The first major collection of Shōtetsu’s work in English, Unforgotten Dreams presents beautifully rendered translations of more than two hundred poems. The book opens with Steven Carter’s generous introduction on Shōtetsu’s life and work and his importance in Japanese literature, and includes a glossary of important names and places and a list of sources of the poems. Revealing as never before the enduring creative spirit of one of Japan’s greatest poets, this fine collection fills a major gap in the English translations of medieval Japanese literature.

“Reviewed Work: 'String of Beads: Complete Poems of Princess Shikishi', by Princess Shikishi, Hiroaki Sato [book Review]”, Bundy 1994

1994-bundy.pdf: “Reviewed Work: 'String of Beads: Complete Poems of Princess Shikishi', by Princess Shikishi, Hiroaki Sato [book review]”⁠, Roselee Bundy (1994-12-01)

“Reviewed Work: The Tale of Matsura: Fujiwara Teika's Experiment in Fiction. by Wayne P. Lammers [book Review]”, Hulvey 1992

1992-hulvey-review:thetaleofmatsurafujiwarateikasexperimentinfiction.pdf: “Reviewed Work: The Tale of Matsura: Fujiwara Teika's Experiment in Fiction. by Wayne P. Lammers [book review]”⁠, S. Yumiko Hulvey (1992-12-01)

“Reviewed Work: Conversations With Shōtetsu. by Robert H. Brower, Steven D. Carter [book Review]”, Bundy 1992

1992-bundy-review-conversationswithshotetsu.pdf: “Reviewed Work: Conversations with Shōtetsu. by Robert H. Brower, Steven D. Carter [book review]”⁠, Roselee Bundy (1992-09-01)

“Poetic Apprenticeship. Fujiwara Teika’s Shogaku Hyakushu”, Bundy 1990

1990-bundy-poeticapprenticeship:fujiwarateikasshogakuhyakushu.pdf: “Poetic Apprenticeship. Fujiwara Teika’s Shogaku Hyakushu”⁠, Roselee Bundy (1990-01-01)

“Kyōgoku Tamekane: Poetry and Politics in Late Kamakura Japan”, Huey 1989

1989-huey-kyogokutamekane.pdf: “Kyōgoku Tamekane: Poetry and Politics in Late Kamakura Japan”⁠, Robert N. Huey (1989-01-01)

“Waiting for the Wind: Thirty-Six Poets of Japan's Late Medieval Age”, Carter 1989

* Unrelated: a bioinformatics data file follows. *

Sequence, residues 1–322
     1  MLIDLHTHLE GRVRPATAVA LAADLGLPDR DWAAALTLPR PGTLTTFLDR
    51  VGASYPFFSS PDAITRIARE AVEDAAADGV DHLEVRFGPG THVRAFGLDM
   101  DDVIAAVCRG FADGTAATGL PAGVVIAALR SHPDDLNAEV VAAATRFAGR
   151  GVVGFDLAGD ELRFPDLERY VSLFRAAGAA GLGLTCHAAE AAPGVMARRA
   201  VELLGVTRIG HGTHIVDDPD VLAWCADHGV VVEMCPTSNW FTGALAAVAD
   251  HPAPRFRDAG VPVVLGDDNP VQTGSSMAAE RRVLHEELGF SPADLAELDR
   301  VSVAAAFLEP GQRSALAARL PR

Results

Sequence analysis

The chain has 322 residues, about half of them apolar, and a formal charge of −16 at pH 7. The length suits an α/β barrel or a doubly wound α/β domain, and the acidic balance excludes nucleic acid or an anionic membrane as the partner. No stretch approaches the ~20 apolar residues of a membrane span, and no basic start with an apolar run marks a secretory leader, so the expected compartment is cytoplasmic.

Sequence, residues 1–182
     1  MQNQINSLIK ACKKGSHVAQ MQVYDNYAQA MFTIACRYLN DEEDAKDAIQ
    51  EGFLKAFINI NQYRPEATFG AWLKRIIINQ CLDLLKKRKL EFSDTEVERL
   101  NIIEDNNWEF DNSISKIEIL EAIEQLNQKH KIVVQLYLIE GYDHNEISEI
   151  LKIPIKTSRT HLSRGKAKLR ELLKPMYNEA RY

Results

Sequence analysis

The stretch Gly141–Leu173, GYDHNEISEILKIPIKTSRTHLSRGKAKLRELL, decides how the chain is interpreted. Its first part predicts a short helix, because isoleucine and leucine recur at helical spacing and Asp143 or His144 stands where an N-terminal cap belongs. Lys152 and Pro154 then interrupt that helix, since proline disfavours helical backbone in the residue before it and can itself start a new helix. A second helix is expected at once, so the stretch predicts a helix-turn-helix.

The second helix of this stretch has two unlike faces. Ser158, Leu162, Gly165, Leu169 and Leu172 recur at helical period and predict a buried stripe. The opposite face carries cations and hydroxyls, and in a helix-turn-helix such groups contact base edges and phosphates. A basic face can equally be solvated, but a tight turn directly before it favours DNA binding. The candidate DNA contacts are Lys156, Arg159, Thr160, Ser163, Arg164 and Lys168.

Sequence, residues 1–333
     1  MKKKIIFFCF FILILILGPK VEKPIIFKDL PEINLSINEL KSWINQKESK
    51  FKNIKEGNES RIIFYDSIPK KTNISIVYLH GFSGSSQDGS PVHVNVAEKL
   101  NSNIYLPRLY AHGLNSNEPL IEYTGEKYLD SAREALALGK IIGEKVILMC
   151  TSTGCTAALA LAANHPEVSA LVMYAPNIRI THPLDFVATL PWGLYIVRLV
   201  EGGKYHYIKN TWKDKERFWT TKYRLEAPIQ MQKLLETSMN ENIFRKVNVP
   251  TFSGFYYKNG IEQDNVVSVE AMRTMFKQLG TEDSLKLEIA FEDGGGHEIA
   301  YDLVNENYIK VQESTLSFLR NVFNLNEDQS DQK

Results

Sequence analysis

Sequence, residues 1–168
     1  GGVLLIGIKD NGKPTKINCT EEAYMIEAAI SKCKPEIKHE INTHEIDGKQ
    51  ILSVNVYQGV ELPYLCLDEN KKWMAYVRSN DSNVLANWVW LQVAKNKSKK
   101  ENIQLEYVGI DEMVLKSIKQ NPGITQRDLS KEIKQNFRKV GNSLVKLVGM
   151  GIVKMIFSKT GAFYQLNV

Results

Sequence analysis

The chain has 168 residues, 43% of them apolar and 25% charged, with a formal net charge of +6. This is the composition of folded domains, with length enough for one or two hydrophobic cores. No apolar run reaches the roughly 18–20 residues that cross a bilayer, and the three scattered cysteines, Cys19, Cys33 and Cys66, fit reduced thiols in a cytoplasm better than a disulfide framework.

1989-carter-waitingforthewind.pdf: “Waiting for the Wind: Thirty-Six Poets of Japan's Late Medieval Age”⁠, Steven D. Carter (1989-01-01)

“Robert H. Brower, 1923-1988 [obituary]”, Editor 1988

1988-brower-obituary.pdf: “Robert H. Brower, 1923-1988 [obituary]”⁠, Editor (1988-01-01)

“Fujiwara Teika’s Maigetsushō”, Brower 1985

1985-brower-fujiwarateikasmaigetsusho.pdf: “Fujiwara Teika’s Maigetsushō”⁠, Robert H. Brower (1985-12-01)

“Genji Days”, Archive 1983

1983-seidensticker-genji.pdf: “Genji Days”⁠, Digitized by the Internet Archive (1983-01-01)

“Fujiwara Teika's Hundred-Poem Sequence of the Shōji Era, 1200: A Complete Translation, With Introduction and Commentary. By Robert H. Brower. Tokyo: Sophia University (Monumenta Nipponica Monograph No. 55), 1978. 120 Pp. Illustrations, Footnotes, Appendix, Works Cited or Quoted in the Text, Index. Share_history1.00. [book Review]”, Morrell 1979

1979-morrell-review:fujiwarateikashundredpoemsequenceoftheshojiera.pdf: “Fujiwara Teika's Hundred-Poem Sequence of the Shōji Era, 1200: A Complete Translation, with Introduction and Commentary. By Robert H. Brower. Tokyo: Sophia University (Monumenta Nipponica Monograph No. 55), 1978. 120 pp. Illustrations, Footnotes, Appendix, Works Cited or Quoted in the Text, Index. share_history1.00. [book review]”⁠, Robert E. Morrell (1979-08-01; backlinks)

“Fujiwara Teika’s Hundred-Poem Sequence of the Shōji Era [Continued]”, Brower 1976

1976-brower-fujiwarateikashundredpoemsequenceoftheshojiera-part2.pdf: “Fujiwara Teika’s Hundred-Poem Sequence of the Shōji Era [Continued]”⁠, Robert H. Brower (1976-12-01; backlinks)

“Reviewed Work: _Fujiwara Teika's Supreme Poems of Our Times. A Thirteenth-Century Poetic Treatise and Sequence_, by Robert H. Brower, Earl Miner [book Review]”, Kato 1969

1969-kato-review:fujiwarateikassupremepoemsofourtimes.pdf: “Reviewed Work: _Fujiwara Teika's Supreme Poems of Our Times. A Thirteenth-Century Poetic Treatise and Sequence_, by Robert H. Brower, Earl Miner [book review]”⁠, Hilda Kato (1969-12-01)

“Fujiwara Teika’s Superior Poems of Our Time [book Review]”, O’Neill 1968

1968-oneill-review:fujiwarateikassupremepoemsofourtimes.pdf: “Fujiwara Teika’s Superior Poems of Our Time [book review]”⁠, P. G. O’Neill (1968-05-01)

“Japanese Court Poetry”, Brower & Miner 1961

1961-brower-japanesecourtpoetry.pdf: “Japanese Court Poetry”⁠, Robert H. Brower, Earl Miner (1961-01-01)

“The Manyoshu: The Nippon Gakujutsu Shinkokai Translation of One Thousand Poems With the Texts in Romaji”, Shinkokai & Keene 1940

1940-nippongakujutsushinkokai-manyoshu.pdf: “The Manyoshu: The Nippon Gakujutsu Shinkokai Translation of One Thousand Poems with the Texts in Romaji”⁠, Nippon Gakujutsu Shinkokai, Donald Keene (1940-01-01)